Facebook has considered profiling its users' personalities and using the information to target adverts.
A patent filed by the social network describes how personality characteristics, including emotional stability, could be determined from people's messages and status updates.
The firm is currently embroiled in a privacy scandal over the use of its data by a political consultancy.
Facebook says it has never used the personality test in its products.
The patent, first filed in 2012, is in the names of Michael Nowak and Dean Eckles.
Mr Nowak has worked for Facebook for 10 years, while Prof Eckles now teaches at the Massachusetts Institute of Technology.
The patent has been updated twice, most recently in 2016.
The BBC has seen emails from Mr Eckles and other Facebook staff to University of Cambridge psychologists in which they discuss analysis of data to infer personality traits, and talk of using such research to improve the product for users and advertisers.
The political consultancy Cambridge Analytica claimed that it used a similar technique, known as psychographics, in its work, though it has denied using data sourced from a Facebook personality quiz in the 2016 US presidential election.
Facebook's patent says potential sources of data could include "status updates, notes, messages, posts, comments, or any other communications from which linguistic data may be extracted".
It says the personality characteristics could then be stored in a user's profile and used "to select news stories, advertisements, or recommendations of actions presented to the user".
Prof Eckles told the BBC that his research had involved asking Facebook users to complete surveys that posed personality questions, adding that it had been made clear that the social network was behind the questionnaires.
He acknowledged that "psychographic [advertising] targeting raises some distinctive ethical concerns" but said he was doubtful it would ever have been effective.
Facebook has raised concerns about the work of University of Cambridge academics involved in similar research.
The Cambridge Psychometrics Centre has been banned from the platform while Facebook investigates allegations that it misused data.
The centre denies the allegation that it handed data gathered from a personality quiz for academic research to the commercial company Cubeyou.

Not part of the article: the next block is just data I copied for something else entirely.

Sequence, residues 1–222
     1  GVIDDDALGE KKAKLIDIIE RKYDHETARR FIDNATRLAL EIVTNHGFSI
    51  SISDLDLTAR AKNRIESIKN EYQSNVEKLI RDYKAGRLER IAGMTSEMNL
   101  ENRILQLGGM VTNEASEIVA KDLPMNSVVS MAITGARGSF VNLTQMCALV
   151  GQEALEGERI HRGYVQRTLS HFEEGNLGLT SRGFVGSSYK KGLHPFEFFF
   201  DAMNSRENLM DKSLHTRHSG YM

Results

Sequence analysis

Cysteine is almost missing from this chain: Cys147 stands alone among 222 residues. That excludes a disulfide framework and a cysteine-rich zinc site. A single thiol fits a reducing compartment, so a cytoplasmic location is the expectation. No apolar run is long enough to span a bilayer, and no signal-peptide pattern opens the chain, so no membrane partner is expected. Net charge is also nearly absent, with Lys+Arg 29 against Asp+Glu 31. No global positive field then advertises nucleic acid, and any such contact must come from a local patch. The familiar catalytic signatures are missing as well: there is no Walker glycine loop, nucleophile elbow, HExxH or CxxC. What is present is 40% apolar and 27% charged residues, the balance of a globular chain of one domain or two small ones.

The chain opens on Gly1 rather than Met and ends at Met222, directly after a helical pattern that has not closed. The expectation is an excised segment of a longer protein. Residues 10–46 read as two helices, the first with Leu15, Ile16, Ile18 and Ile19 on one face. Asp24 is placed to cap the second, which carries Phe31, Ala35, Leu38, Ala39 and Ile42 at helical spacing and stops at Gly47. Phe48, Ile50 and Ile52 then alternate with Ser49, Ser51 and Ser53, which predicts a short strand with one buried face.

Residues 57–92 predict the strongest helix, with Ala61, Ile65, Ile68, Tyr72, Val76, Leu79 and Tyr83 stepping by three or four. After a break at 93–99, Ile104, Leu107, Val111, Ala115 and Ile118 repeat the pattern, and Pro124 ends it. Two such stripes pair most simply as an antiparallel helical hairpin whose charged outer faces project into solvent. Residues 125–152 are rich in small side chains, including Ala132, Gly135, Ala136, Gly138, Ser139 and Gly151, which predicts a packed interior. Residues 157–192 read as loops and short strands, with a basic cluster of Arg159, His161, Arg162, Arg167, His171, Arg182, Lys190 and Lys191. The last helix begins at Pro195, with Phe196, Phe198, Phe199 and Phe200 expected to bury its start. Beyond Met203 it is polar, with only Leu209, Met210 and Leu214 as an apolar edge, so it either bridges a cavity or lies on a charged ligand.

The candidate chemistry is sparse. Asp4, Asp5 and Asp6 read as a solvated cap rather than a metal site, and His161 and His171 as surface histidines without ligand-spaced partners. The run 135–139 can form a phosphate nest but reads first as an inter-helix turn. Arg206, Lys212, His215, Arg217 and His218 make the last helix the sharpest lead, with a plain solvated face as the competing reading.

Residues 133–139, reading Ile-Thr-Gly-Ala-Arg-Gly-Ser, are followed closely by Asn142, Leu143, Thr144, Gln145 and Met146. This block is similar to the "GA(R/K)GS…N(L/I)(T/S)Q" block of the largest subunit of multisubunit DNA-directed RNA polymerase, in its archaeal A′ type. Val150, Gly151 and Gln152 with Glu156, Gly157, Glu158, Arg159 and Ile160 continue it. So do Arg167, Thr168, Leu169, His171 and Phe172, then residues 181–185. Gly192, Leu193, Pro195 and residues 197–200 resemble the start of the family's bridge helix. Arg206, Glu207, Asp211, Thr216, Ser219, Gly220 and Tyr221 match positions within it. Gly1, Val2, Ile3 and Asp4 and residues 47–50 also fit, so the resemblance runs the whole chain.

"We have had several conversations and meetings with Facebook researchers going back as far as 2011," said a spokesman for the Psychometrics Centre.
"However, Facebook has chosen not to publish its research, and therefore users will be unaware how their data may be being used."
This is a separate case from the one in which another academic, Dr Aleksandr Kogan, is accused of breaking rules by passing data to Cambridge Analytica.
During congressional hearings earlier this month, Facebook's chief executive Mark Zuckerberg appeared to link the two cases, saying "we do need to know whether there was something bad going on at Cambridge University overall".
Academics at the Cambridge Psychometrics Centre published an influential paper in 2013 about predicting personality from Facebook likes, the result of research which had been under way for some years.
The BBC has seen a 2011 email from Prof Eckles, then a researcher at Facebook, to the Cambridge academics expressing interest in their work.
He describes undertaking similar research.
"We have been using analysis of linguistic data to infer personality traits," he wrote.
"We have a manuscript that is going through some revisions now."
Two years later in 2013, another Facebook employee wrote to the Cambridge academics, apparently unaware of the previous contact.
Srikant Ayyar wrote that he had read their recent paper with interest and continued: "Our group does similar work with the goal of improving our product for people who use it and advertisers. …..we are growing to keep pace with Facebook growth and growth in the data we collect."
This was followed by a conference call, but plans for collaboration came to nothing.
In a statement, Facebook said: "Like many companies we apply for a wide variety of patents to protect our intellectual property. The patent we applied for in this area was never used in any Facebook products or further developed."